JACKSON, Mich — A new nearly one mile long trail will connect the Middle School at Parkside and Sharp Park Academy to nearby neighborhoods.
The primary goal is safety for students.
The trail replaces an existing one on Elmdale Road in Ella Sharp Park running from South Jackson Street to Hickory Avenue. The new trail will be farther away from the road and be 10 feet wide. The project will also add a 5-foot-wide sidewalk on South Jackson Street and a bridge over the Grand River similar to the one at Lyons Park.
"Currently they're walking almost into the street with a very small sidewalk area" said Jackson Parks and Recreation Director Kelli Hoover. "So to update that and provide that safe route to school which is what we're all here for to the schools is extremely important."
A Safe Routes to School grant will provide $400,000 for the project. The total price tag is $1,198,600. City officials say the remaining $798,600 will come from city money earmarked for street, sidewalk and infrastructure improvements.
"As part of the Act 51 money we have to spend a certain percentage on non-motorized facilities each year," said City Engineer Jon Dowling. "So, people sit there and go, 'Well, why are you spending street money on this?' Well part of that is law."
Sharp Park Academy Principal Jasper Lusby said the project "impacts our entire community.
"We want to be able to have an active, healthy, fit student body and create some parent engagement to have the opportunity for outdoor recreation programs," she said. "We have a really rich trail system and we have a lot of opportunities to expand on that and make it really, really robust. That provides opportunities like walking field trips. It provides a lot of outdoor fitness like walking, biking, hiking opportunities for students and families alike."
Jackson Public Schools Assistant Superintendent for Communications and Community Outreach Kriss Giannetti said the district surveyed parents and students about how they use transportation to get to school. A significant majority were not walking due to it being unsafe. The district found middle schoolers were using the existing trail system more often.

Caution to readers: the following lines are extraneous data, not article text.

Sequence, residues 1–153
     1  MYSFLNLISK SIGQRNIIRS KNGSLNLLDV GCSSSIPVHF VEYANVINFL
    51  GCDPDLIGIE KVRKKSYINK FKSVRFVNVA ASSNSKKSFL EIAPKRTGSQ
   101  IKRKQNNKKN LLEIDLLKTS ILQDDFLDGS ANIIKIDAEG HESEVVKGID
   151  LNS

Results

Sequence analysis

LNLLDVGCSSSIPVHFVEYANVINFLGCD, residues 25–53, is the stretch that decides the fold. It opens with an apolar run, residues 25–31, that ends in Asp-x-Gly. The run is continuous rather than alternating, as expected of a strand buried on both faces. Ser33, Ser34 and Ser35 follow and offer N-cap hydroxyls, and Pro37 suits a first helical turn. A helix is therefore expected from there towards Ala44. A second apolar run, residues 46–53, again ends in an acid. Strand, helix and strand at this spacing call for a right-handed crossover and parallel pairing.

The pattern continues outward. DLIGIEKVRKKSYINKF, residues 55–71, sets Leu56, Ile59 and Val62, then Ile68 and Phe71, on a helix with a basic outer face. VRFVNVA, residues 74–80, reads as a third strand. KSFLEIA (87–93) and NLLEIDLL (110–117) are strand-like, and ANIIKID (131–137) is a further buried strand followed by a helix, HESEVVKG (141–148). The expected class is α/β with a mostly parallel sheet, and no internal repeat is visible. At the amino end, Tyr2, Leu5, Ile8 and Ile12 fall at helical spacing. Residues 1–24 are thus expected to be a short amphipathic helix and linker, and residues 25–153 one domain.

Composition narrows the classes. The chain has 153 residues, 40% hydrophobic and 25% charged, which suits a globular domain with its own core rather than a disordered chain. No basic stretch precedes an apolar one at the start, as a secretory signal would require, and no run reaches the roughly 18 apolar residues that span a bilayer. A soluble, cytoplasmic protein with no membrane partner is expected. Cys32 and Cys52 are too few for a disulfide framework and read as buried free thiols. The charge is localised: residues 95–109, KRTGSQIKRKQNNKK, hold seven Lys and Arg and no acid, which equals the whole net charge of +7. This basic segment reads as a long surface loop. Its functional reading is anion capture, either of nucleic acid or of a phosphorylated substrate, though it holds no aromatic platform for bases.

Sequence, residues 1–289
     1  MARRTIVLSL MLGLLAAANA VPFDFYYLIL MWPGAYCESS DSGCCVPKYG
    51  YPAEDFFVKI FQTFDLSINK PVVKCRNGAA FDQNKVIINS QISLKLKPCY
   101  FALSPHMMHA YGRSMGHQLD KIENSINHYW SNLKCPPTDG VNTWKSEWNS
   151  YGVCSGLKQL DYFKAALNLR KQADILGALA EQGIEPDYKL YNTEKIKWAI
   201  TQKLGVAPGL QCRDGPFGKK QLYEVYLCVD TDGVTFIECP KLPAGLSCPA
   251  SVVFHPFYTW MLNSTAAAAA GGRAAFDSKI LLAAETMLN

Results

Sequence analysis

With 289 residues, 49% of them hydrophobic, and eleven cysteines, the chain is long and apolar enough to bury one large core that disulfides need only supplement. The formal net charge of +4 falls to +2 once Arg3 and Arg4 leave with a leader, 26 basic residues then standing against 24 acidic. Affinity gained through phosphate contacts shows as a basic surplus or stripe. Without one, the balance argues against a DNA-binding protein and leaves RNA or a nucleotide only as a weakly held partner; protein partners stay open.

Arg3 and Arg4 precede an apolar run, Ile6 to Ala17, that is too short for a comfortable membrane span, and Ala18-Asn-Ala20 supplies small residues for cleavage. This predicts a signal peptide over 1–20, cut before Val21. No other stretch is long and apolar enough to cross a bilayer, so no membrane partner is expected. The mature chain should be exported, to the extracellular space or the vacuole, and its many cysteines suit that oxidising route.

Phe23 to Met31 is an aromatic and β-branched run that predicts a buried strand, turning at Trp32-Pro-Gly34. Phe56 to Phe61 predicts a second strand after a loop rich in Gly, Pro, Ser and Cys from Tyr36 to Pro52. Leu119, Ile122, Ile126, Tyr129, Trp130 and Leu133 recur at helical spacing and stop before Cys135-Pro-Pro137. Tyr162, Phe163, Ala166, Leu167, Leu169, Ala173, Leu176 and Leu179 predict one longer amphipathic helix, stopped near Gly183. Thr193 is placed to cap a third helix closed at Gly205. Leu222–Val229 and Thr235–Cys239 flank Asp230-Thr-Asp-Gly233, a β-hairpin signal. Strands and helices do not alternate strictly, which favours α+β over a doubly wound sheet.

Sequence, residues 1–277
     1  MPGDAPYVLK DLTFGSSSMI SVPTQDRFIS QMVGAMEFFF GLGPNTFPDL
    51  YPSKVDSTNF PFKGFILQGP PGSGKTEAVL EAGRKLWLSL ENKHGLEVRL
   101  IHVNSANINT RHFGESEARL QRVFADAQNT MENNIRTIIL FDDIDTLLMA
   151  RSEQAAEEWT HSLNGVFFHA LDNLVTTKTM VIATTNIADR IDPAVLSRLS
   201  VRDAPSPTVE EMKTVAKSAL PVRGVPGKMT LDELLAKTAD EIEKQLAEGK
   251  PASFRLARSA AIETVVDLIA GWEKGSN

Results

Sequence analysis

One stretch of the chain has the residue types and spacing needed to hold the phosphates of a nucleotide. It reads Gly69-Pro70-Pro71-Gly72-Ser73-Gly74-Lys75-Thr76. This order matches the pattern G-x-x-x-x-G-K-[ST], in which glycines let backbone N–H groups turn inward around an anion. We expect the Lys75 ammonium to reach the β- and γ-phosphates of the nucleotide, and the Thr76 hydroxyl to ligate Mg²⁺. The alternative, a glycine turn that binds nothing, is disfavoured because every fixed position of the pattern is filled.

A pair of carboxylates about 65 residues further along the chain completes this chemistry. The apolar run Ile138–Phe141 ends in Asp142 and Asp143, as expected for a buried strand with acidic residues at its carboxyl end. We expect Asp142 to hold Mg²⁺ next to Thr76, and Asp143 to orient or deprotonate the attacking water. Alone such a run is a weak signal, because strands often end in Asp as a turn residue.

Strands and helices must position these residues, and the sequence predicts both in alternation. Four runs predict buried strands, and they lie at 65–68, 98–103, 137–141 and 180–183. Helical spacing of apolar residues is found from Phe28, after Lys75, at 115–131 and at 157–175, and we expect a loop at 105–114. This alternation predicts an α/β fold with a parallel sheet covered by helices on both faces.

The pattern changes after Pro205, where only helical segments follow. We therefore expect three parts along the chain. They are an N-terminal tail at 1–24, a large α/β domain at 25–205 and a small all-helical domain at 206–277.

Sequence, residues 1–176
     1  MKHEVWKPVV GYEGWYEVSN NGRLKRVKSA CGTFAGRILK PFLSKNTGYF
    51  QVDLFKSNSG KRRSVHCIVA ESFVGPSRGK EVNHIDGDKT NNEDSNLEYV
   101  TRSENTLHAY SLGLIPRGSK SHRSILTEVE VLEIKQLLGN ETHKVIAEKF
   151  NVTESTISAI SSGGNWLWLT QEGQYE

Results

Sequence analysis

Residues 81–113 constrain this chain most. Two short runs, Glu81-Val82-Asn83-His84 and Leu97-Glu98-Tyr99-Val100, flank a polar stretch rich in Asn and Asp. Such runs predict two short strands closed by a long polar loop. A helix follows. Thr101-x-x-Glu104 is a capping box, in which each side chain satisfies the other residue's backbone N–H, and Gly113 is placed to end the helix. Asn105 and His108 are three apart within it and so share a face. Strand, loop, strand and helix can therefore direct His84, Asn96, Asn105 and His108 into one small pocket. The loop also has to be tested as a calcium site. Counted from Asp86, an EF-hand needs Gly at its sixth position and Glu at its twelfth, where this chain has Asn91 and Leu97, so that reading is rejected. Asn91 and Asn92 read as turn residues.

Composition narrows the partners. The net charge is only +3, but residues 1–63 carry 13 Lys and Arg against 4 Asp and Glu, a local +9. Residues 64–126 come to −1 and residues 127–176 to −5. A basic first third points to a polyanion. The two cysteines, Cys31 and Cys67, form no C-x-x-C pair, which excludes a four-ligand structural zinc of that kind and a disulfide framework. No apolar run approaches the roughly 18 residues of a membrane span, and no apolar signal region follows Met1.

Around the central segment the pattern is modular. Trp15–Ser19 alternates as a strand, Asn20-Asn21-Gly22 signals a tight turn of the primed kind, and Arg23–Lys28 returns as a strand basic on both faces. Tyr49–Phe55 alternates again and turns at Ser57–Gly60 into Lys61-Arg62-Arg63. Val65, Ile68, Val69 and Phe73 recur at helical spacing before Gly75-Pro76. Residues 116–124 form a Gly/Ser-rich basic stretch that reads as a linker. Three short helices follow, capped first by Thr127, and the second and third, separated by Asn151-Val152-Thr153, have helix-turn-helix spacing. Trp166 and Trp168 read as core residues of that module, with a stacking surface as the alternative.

"This is not just about walking," Giannetti said. "It was also about traveling via bicycle for our kids, so trying to find out if students use bikes or would they if there was a path. And we did find there was a lot of interest that students did want to ride their bikes to school."
"We have a lot of before school activities. We did have clubs after school like sports," said eighth grade Parkside Associate Principal Krista Jarvey. "And, a lot of our kids don't have a ride home because parents are working the night shift, have two jobs or whatever it may be. We don't have transportation for after school sports. So, it's really important that our kids can walk home safely after these activities."
Which is being addressed through lighting on the new trail.
"They start so early. Most of the time of the year, it's dark in the morning," said Giannetti. "So, 6 a.m. 6:30, it's dark so that's huge. That's a big deal for us that the lighting will be a part of the project."
In 2020, Jackson saw "way more people in our community using our parks and trails for exercise because of the COVID pandemic," said public information officer Aaron Dimick. "A lot of gyms were closed for several months or maybe people don't feel comfortable going back to the gym. So, our parks and trails were there when they really needed them. This is just another great enhancement that we can provide, because the trail that is currently there is in a deteriorating condition."
The goal is to have the project completed by October with a majority of it finished in July.
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